I see nothing in this video that supports the theory that this is a post production effect and not real video from a camera with a Tilt-Shift Lens.
There's a distinction between Tilt-Shift (photo) and Cine-Tilt (video) lenses. For photos a bit of adjusting between each shot can be tolerated for a cost savings, in cinematography adjustments to one part of the lens (focus, tilt, zoom) should have no effect on the other adjustments; these lenses are far more expensive.
Look at: this video - the framing is altered by sliding, later (like at 0:47) the 'rolling in and out' is caused by changing the focus slightly; in neither of those cases, nor anywhere else in the video, does the Videographer adjust the tilt shift mechanism while taking the shot - he locks it and shoots.
Here is a video where zoom is used to alter the framing at the beginning. In this shot the Videographer has locked the mechanism and then mounted the camera on the dash (or hood?) of a vehicle and drives through the streets (speeding up in post), again the mechanism isn't adjusted while shooting.
Here's another video with a lot of movement, notice how the 'in-focus area' is the same whether moving or panning: drastic change in the framing but the mechanism is locked.
In this video you can see that if you adjust the mechanism you must reframe when Shifting or Tilting. There's also this tilt.
With a Cine-tilt lens like the Schneider-Kreuznach Cine-Tilt it is designed not to move the framing while shooting video - A photographic lens is not always designed to limit focus or zoom breathing and wobbling because each image can be adjusted prior to pressing the shutter.
A higher priced video lens can not be recomposed for each frame and ought to allow adjustments to be made without introducing unwanted changes in the other aspects of the image that are not being adjusted (example: adjusting focus or zoom shouldn't adjust the other, similarly with a Cine-Tilt the framing should be rock steady - you get what you pay for).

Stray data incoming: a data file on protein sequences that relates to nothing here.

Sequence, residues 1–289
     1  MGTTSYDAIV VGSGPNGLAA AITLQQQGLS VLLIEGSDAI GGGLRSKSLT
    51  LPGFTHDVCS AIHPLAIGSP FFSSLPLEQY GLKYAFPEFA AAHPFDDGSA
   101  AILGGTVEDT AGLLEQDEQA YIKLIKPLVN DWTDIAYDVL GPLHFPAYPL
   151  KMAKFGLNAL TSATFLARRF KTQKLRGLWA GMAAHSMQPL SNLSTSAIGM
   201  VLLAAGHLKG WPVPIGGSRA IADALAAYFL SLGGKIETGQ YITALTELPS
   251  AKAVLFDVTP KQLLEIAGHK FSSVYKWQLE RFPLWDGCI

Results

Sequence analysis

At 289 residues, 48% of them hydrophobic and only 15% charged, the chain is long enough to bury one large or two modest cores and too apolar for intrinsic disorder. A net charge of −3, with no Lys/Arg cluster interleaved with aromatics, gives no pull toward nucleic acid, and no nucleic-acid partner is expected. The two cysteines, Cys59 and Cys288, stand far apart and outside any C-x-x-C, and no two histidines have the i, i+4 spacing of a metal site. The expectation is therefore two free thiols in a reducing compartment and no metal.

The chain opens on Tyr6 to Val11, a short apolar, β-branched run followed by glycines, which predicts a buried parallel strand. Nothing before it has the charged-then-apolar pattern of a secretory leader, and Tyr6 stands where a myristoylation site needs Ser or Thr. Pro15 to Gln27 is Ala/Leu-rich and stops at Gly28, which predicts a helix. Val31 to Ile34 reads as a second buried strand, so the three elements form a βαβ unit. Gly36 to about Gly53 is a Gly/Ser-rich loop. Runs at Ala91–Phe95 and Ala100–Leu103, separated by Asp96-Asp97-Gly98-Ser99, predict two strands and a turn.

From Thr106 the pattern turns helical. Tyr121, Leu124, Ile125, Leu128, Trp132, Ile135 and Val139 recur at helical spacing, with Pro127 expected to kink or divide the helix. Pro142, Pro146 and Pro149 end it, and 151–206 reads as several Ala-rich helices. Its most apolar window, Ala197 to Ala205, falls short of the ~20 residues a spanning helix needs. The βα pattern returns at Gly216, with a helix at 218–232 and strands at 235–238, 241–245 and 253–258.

Here's a panning, adjusting the tilt-shift and attempting to hold the framing while moving around tutorial (a more exact answer to your question). In part one he talks at length about his setup and using tilt shift to create enormous resolution photos which can be zoomed and panned in post. In part two he talks about adjusting the mechanism while live shooting (this answers your question).
I am searching for another example when the fellow walks around with his camera near a fence (and a playground IIRC) and makes adjustments while hand holding the camera, shooting live video. I can't find the link but I'll keep looking and return to edit this answer later today.
As a point of interest, Keith Loutit made a video called The City of Samba - it's a great use of tilt shift but you can see he wasn't brave enough to adjust while he shot, it's extremely difficult.
See this example of the Schneider-Kreuznach Cine-Tilt (watch the lower right corner) lens compared with the Canon Tilt-Shift photography lens.
With the cinematography lens large adjustments are smooth and flat-field, with the photography Tilt-Shift lens, when used for video, the framing bends and twists enough to make you seasick.
To use a photographic tilt lens for video you need to adjust slowly and gently, hoping that you can unwarp the video in post. Film makers don't have time and money to waste doing that, to get a marginal result.